Pain opens eyes to love more deeply.
Bethany and Ryan were married for six weeks after four years of being together: going on family vacations, cheering on University of Oregon Ducks, and playing with their cat named Boots.
Then Ryan, at 25 years old, passed away from what started as testicular cancer.
Numerous students at Multnomah University have been experiencing the reality of losing a loved one this year. We’ve lost parents, grandparents, cousins, and others who are dear to us. Joel Brizzee, 23, a student at Multnomah, watched his cousin Bethany lose her husband Ryan. The pain is great. The hurt never seems to leave.
As we grow older, we come to realize that no life lasts forever. Someday, those closest to us will no longer be here. Pain and sorrow are guarantees in this fleeting glimpse of life, but one truth withstands all challenges: Love. If we let it, perhaps, just maybe, the deepest hurt can lead to the most vibrant love for others and for Christ.
Pain is too often seen as unacceptable. Dealing with it, even more so. Our society tells us we need to have everything together – all the time. We need to suppress the hurt in order to move on. These are destructive lies that prevent healing from occurring. Just because we are hurting or sad does not mean we are not good sons or daughters of the King. We do not need to be happy all the time. “There is a time to weep and a time to laugh. A time to grieve and a time to dance,” Ecclesiastes 3:4 says.
Pain is feeling, deeply. Hurt, at times, penetrates to a depth no one else can relate with. In this time, we find the courage to accept this without being consumed by it.
Pursuing healing and growth is healthy in this process. We must allow ourselves and others to deal with the loss: to remember, to hurt, to cry, to question, and to be upset. It’s normal and good to grieve, and it looks different to each person.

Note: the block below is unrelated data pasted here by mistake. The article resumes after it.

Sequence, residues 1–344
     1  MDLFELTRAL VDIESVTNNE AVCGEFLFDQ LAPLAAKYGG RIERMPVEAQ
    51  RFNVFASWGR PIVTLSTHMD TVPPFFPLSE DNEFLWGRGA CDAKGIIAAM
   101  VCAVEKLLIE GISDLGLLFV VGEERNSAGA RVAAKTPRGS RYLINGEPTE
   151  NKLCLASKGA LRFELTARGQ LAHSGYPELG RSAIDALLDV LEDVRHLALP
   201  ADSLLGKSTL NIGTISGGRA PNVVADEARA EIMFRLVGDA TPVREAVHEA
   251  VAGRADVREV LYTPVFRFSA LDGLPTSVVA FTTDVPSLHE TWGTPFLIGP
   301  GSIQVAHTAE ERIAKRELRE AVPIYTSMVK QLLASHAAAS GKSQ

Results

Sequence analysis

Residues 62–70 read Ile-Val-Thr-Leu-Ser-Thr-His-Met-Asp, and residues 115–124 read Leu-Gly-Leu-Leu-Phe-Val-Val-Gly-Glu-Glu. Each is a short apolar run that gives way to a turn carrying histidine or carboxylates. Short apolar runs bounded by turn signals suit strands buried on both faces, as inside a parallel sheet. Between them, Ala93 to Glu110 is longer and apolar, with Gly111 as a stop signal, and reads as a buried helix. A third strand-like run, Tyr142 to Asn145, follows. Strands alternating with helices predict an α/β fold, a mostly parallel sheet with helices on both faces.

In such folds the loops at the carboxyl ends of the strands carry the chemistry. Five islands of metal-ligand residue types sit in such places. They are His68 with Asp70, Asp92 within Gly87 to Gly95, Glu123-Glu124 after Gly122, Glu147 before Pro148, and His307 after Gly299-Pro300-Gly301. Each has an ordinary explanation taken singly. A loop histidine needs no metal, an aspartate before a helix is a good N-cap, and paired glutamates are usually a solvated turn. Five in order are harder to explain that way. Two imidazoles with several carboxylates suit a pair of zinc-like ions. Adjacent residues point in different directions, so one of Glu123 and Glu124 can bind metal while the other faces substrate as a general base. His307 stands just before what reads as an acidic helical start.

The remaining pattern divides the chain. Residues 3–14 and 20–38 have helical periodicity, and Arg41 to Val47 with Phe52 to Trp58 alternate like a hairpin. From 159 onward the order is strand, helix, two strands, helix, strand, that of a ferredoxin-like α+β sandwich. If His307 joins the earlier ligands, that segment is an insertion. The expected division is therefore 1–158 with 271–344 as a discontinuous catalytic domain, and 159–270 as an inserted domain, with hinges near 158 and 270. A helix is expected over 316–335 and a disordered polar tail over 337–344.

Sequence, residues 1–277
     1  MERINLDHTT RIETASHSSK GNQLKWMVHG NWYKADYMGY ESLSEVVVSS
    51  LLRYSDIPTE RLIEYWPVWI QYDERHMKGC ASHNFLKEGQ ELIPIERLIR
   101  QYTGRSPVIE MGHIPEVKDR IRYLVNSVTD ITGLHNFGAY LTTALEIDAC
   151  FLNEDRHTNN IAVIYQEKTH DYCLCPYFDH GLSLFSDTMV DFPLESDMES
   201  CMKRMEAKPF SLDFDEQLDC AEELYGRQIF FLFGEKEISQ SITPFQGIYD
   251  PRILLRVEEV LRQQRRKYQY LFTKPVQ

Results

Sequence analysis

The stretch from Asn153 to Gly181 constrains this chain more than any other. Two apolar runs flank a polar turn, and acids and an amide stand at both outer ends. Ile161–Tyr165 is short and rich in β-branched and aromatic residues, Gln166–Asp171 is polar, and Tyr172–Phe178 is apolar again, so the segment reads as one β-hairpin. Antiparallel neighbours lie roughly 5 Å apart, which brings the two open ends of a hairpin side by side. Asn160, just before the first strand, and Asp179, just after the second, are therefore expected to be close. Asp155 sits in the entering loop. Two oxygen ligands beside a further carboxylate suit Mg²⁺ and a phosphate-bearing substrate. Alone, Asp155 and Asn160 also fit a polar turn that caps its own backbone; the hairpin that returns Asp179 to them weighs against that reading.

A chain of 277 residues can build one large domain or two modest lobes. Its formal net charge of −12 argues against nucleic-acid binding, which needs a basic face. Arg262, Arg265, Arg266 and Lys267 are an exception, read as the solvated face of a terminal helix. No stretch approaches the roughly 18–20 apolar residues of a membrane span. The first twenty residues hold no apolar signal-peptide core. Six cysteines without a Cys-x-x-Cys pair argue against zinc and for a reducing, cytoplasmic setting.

Everything and everyone in this life passes away, and with this comes the most uncertain and shaken way of life. But there is a Truth that never fades. And He never leaves.
There is no greater example than that of Jesus Christ. He wept. He was stricken, afflicted, and acquainted with grief. He felt deeply enough that He endured sorrow and suffering and even death. He loves us that deeply.
When you lose someone, which we all will at some point in time, you realize the depths of your love for that person. If you are hurting, you are loving. Missing someone and grieving the loss of someone are expressions of your love. Or, maybe you neglected loving someone who is now gone or you wish you had loved them even more. Because they are gone and you are hurting, you see clearer the importance to not take for granted any moment in which you can love someone. Loving in the midst of loss, you not only feel pain deeply, but you also feel love more deeply than before. You see love and life in a deeper sense. That pain, that loss, can open your eyes to loving more.
Bethany did all she could to care for and be with Ryan in his suffering. She loved more deeply in the midst of the pain, realizing the time was very short. She was with him through every chemo treatment and hospital stay. She took a leave of absence at work to be there for him, and she put her own social life aside so he wouldn’t be alone. Bethany’s cousin Joel observed this sacrificial love and was reminded of Jesus’ words: “Greater love has no one than this, that he lay down his life for his friends” (John 15:13). The greater love involves sacrifice.
Oh, but if only we had such eyes. To see like Bethany in living to love even in the midst of losing – to let our deepest hurt bring the most vibrant love and to love where we are in the losing and grieving process. Here, we are closer to the Lord than before, because in His hurt, He loved us.
–Kristen Leach is the “Features” editor for Muse and a senior Communication Studies major at Multnomah University.